Posté le 25 March 2020

India VS the British Indian Community: Contrasting Attitude Towards Infidelity

 

In India, 55% of couples are keen to extra-marital affairs, while Indians in the UK show less tolerance towards adultery.

 

India is a country with deeply rooted cultural boundaries, especially when it comes to marriage and infidelity. However, the attitude towards adultery varies significantly when comparing the population in India with the British Indian community. With the former group being more prone to break the traditional rules and experience an adulterous relationship, compared to their compatriots living in the UK who seem to be more conservative from this perspective.

This is according to a Gleeden – the first portal for extramarital encounters in Europe made by women with over 6.6 million members of which over 250,000 in the UK – which reveals what really happens behind the closed doors of Indian couples and break the taboo about women Infidelity.

This study found out an interesting discrepancy between the two community and their attitude towards infidelity. In India, more than half of the married couples confessed to cheating on their spouse (55%). Interestingly, women represent a good part of this category (56%), of which 41% practice adultery on a regular basis. Conversely, while in India adultery is a common practice, the British Indian Community results less open to infidelity with only 33% of them confessing adultery at some point during their relationship.

Not only the behavior but also the attitude varies notably between the two communities. In India, in fact, couples expressed a more open-minded point of view towards the issue. 48% of the surveyed people in India believe that it is possible to be in love with two people simultaneously, as well as, cheating on a person while still be in love with him/her (46%).

Finally, they also showed a relatively high level of tolerance towards cheating, no matter the gender of the cheating spouse. When finding out about the affair, 40% of married couples in India are ready to forgive their spouse and expect also to be forgiven (69%). Conversely, Indians living in the UK showed a strong bias towards adultery, especially against women. Almost 80% discriminate against women for cheating considering their behavior immoral. In the same way, males are negatively judged, even though at a lower level (26%)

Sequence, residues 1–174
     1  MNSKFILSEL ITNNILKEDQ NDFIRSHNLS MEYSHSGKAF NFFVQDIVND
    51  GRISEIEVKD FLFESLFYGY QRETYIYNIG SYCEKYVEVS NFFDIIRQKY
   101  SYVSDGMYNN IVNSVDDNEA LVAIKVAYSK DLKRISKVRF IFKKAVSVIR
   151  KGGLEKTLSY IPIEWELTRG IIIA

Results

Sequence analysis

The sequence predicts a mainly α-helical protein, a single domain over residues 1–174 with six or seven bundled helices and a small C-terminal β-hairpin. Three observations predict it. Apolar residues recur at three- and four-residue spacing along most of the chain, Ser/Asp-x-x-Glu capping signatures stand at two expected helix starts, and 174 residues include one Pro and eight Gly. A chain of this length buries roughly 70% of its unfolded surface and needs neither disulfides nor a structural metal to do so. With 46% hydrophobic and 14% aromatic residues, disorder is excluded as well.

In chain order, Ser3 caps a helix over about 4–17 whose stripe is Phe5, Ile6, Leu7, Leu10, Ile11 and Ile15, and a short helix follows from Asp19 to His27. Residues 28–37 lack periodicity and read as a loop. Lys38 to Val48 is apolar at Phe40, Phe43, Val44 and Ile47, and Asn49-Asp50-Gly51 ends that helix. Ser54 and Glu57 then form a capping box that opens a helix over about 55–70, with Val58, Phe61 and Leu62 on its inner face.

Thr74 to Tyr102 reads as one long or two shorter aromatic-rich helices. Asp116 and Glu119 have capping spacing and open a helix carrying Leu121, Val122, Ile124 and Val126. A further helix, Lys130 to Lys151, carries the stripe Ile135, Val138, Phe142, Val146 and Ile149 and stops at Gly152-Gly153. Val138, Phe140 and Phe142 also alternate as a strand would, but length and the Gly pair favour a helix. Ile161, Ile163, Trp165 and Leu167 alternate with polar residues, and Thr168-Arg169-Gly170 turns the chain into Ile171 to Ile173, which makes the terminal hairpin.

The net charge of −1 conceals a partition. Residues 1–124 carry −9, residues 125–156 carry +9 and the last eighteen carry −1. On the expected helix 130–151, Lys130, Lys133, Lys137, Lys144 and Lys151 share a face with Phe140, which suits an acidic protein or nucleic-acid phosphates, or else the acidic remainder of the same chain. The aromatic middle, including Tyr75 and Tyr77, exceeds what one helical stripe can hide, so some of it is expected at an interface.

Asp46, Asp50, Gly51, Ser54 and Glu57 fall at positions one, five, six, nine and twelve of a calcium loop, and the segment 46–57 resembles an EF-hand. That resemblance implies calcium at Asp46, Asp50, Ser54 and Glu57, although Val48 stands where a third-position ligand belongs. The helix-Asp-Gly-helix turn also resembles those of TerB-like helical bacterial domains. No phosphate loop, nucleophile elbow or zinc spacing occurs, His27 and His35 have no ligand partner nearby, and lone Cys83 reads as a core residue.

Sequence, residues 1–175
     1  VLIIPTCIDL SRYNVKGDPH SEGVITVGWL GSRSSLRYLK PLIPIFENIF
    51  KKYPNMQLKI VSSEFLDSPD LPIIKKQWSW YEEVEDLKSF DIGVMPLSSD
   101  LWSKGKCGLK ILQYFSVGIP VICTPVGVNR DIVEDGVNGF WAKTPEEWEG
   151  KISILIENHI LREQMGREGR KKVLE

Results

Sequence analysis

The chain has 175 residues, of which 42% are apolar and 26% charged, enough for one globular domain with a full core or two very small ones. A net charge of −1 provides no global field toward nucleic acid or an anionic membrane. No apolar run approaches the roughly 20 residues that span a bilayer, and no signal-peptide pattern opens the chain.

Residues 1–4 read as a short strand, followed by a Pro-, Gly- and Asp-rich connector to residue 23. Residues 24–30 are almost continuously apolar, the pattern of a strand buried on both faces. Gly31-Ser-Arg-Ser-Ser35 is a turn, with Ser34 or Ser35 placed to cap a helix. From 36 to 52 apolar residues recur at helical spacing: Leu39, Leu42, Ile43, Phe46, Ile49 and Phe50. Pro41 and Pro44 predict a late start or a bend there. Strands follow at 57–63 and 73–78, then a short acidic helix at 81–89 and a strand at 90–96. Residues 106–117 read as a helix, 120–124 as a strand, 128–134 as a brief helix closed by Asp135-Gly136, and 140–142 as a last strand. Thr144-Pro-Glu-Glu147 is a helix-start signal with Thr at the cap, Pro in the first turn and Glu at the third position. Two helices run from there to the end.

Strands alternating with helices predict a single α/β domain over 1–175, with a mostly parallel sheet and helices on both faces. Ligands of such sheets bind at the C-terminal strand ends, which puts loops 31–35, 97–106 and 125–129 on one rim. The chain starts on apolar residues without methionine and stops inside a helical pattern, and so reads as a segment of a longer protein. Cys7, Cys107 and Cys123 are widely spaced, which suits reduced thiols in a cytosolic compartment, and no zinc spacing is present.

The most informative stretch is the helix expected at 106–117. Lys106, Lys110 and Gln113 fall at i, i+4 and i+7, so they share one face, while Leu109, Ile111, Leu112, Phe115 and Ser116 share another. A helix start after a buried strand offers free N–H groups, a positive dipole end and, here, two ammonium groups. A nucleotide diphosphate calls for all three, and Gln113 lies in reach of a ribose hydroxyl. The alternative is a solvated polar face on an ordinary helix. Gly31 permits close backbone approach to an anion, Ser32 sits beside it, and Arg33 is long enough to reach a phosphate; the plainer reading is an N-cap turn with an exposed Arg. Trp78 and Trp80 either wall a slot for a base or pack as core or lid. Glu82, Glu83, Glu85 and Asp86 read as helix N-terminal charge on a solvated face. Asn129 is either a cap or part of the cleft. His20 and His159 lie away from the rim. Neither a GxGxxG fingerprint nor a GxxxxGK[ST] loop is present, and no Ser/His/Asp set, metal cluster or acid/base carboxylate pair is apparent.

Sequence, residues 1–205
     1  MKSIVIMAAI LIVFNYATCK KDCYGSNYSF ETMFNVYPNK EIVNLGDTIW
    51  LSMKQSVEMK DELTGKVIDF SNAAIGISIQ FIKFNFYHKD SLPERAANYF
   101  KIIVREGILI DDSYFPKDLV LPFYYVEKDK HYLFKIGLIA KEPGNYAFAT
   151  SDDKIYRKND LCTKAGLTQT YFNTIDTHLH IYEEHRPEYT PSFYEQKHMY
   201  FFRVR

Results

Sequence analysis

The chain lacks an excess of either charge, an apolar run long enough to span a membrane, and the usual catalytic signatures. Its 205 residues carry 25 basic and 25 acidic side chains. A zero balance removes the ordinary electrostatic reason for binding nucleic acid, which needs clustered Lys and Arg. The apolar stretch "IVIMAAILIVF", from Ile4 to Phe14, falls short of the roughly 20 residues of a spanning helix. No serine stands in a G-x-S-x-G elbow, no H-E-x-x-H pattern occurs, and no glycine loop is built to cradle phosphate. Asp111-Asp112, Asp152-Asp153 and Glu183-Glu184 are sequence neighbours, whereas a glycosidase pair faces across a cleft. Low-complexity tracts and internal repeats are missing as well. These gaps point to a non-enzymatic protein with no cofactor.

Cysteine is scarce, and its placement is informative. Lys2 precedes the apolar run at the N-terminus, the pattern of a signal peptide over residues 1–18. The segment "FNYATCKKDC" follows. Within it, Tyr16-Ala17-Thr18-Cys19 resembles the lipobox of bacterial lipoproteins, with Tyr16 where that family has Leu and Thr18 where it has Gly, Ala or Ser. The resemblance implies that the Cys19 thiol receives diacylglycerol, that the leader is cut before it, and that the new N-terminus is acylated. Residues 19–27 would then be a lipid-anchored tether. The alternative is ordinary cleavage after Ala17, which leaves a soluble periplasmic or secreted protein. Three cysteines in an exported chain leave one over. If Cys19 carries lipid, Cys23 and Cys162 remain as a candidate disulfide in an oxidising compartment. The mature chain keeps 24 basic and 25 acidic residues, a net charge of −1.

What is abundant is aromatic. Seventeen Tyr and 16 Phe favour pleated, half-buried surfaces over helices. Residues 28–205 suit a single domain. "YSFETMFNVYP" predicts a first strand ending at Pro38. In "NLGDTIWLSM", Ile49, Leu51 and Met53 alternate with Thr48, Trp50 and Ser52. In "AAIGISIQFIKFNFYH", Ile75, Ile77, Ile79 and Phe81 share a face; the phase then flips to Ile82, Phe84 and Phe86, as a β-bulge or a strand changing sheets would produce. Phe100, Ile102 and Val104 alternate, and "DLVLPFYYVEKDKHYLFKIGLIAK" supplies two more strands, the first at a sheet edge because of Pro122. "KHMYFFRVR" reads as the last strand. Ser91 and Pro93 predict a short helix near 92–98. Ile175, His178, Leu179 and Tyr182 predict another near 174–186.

In India, 90% of marriages are arranged by families and divorce is a shameful act towards the family. Considering India’s strong conservativeness towards marriage, the need for adultery among married couples who live in India results in legitimate. Moreover, adultery was decriminalized in September 2018, wince then Gleeden has found its playground in India, the country where married couples were fated to unhappiness.

Speaking about the company’s growth in India, Ms. Sybil Shiddell, spokesperson for Gleeden in both India and the UK, states that “You would expect the Indian community in the UK to be more tolerant of infidelity because they are more exposed to a western lifestyle, however it is not surprising that it follows a more conservative line. In general, Britain shows signs of poor acceptance towards infidelity, especially when compared with other European countries such as France, Italy and Germany. India, on the other hand, does not offer couples the same alternatives as English society: most marriages are still arranged between families and divorce is not a viable option. Hence a more relaxed attitude towards infidelity, in particular since its conviction in criminal terms has ceased”.

 

* The study, conducted on 5,000 women from 5 European countries – UK, France, Germany, Spain, and Italy – provides precise and reliable data through which it is possible to trace a map of female infidelity in Europe and the UK, and to track common pattern and behaviors of women who decided to cheat on their partners.
** The survey has been commissioned to IPSOS, one of the most important global market research and consulting firm worldwide. It was conducted online on a sample size of over 1500 people from across major cities like Delhi, Mumbai, Chennai, Bangalore, Hyderabad, Kolkata, Pune and Ahmedabad. Also, the target respondents were married individuals between the age group of 25-50 years.